Follows tour guide, historian and flâneur Timothy 'Speed' Levitch as he visits the monumentally ignored monuments of America's cities, from the shoe gardens of San Francisco to the luckiest subway grate in New York City.
Timothy 'Speed' Levitch,
John C. McDonnell,
Four Newton brothers are a poor farmer family in the 1920s. The oldest of them, Willis, one day realizes that there's no future in the fields and offers his brothers to become a bank robbers. Soon the family agrees. They become very famous robbers, and five years later execute the greatest train robbery in American history. Written by
Matthew McConaughey is from Uvalde, Texas as was the real Willis Newton, the character he plays in the movie. See more »
After the armoured car robbery, when the boys stop the car and fight about why it had gone so badly, a modern day wheelchair-access drop-down curb is seen. During the 20s, no such curb would have existed. They would have been straight across. See more »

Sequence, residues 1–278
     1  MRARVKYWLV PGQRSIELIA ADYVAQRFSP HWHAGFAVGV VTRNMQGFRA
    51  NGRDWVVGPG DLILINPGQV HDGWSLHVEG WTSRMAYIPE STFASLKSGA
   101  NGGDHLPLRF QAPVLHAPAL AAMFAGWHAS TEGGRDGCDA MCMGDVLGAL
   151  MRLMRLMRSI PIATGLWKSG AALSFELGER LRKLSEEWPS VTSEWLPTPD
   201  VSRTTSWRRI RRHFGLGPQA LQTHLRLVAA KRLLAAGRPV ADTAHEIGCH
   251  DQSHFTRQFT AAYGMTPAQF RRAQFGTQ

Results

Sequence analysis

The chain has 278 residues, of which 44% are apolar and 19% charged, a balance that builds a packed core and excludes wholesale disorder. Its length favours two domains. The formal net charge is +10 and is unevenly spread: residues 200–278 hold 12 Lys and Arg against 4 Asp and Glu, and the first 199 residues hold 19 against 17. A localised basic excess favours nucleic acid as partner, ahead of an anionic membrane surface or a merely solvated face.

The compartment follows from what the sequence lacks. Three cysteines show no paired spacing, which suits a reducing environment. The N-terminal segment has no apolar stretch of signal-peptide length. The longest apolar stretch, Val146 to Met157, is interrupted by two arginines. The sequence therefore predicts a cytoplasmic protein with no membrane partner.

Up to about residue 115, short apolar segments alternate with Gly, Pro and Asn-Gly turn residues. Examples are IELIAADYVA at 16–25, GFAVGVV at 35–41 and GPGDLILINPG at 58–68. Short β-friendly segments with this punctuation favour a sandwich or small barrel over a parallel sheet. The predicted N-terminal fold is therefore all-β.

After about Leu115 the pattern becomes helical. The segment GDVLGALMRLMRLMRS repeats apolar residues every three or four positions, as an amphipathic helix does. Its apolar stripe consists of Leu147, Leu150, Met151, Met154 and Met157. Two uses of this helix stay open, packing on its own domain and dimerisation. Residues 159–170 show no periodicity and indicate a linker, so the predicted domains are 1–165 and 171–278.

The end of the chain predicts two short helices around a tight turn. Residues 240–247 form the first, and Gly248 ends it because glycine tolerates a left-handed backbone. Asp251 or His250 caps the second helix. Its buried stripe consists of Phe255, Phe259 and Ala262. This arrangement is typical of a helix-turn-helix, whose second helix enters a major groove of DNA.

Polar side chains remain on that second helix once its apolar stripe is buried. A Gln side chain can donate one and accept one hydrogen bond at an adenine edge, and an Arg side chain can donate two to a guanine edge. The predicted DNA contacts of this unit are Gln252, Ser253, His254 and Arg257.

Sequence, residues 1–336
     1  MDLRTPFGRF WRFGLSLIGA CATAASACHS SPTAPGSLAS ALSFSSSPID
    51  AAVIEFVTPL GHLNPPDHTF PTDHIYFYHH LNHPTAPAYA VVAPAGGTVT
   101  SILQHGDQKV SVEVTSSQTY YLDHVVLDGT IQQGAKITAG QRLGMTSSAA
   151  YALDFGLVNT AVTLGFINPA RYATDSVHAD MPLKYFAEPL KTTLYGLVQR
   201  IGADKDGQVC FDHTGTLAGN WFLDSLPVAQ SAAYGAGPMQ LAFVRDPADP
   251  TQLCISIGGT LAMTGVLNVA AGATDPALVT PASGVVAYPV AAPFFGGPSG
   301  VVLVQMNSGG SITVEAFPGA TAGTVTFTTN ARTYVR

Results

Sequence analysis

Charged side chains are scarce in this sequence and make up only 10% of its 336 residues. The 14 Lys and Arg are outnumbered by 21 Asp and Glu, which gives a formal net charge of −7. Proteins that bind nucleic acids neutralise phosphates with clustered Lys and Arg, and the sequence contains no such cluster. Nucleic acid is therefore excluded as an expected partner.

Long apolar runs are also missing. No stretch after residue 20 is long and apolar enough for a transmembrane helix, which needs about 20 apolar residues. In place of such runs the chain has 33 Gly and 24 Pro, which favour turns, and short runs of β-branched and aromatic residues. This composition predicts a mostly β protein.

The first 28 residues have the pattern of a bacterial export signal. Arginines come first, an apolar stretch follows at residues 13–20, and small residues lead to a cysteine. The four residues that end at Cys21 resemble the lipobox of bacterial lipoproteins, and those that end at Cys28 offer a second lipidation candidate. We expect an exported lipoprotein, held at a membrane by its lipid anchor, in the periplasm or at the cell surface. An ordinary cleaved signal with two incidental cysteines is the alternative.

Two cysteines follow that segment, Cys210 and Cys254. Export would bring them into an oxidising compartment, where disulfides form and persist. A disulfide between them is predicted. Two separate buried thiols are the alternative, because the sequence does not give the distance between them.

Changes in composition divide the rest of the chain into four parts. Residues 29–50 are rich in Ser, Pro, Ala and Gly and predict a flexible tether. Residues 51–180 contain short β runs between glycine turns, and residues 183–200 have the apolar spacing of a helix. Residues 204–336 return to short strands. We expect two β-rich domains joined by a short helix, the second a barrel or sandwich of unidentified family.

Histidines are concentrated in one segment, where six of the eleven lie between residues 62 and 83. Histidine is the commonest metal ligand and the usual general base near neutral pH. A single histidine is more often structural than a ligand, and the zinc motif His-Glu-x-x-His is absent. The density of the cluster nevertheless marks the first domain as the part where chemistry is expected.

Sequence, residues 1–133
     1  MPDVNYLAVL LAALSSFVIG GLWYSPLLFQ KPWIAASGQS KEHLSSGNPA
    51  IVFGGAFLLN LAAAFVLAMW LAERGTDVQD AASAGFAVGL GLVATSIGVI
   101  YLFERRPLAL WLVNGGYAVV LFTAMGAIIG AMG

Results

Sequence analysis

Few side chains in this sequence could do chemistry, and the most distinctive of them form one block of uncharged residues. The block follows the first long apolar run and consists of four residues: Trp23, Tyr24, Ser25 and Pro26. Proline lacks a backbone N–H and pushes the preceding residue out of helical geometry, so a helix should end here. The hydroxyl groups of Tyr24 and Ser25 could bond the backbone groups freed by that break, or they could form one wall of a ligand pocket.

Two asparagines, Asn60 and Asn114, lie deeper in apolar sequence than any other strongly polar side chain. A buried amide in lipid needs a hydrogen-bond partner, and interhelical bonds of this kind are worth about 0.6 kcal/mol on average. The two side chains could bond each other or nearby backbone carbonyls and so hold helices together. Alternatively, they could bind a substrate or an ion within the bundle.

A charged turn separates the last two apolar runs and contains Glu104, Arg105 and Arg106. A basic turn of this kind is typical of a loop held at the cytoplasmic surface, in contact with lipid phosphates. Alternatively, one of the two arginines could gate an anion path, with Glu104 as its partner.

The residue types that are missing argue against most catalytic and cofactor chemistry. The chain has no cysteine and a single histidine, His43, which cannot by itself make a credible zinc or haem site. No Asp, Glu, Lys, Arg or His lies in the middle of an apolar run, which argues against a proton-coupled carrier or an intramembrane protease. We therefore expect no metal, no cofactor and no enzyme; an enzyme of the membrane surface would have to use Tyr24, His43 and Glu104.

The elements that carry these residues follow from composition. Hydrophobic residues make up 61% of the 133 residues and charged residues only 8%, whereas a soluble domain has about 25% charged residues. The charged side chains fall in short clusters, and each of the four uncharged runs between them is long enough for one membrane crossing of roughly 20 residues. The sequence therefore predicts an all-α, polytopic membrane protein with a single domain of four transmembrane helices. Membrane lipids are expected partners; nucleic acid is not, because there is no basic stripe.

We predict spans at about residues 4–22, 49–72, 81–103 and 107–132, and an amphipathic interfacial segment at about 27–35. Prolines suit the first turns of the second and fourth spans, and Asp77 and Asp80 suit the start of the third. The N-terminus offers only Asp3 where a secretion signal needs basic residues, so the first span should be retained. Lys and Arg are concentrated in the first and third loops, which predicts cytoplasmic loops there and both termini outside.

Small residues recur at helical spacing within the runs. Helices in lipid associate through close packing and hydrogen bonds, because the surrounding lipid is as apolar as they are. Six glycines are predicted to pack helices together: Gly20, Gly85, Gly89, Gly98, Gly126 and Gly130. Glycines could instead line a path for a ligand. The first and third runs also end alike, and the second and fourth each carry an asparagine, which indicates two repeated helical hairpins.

You ain't any less of a drunk now than you was when hooch was legal.
Well, you see, there's my point. That particular law ain't really doin' it's job, now is it?
See more »
How Richard Linklater made this film on such a small budget is a miracle in itself; the casting was inspired; but the inclusion of the clips of the real Newtons was pure genius. I read Richard's script a year or so before the film went into production, and I felt that this movie simply had to be made... I was right. With a little advertising money from the distributor, the film could (and SHOULD) have been a blockbuster. This is the film that defines the Texas film industry, and as a Texan, I'm proud of Linklater's effort.
11 of 20 people found this review helpful.
Was this review helpful to you?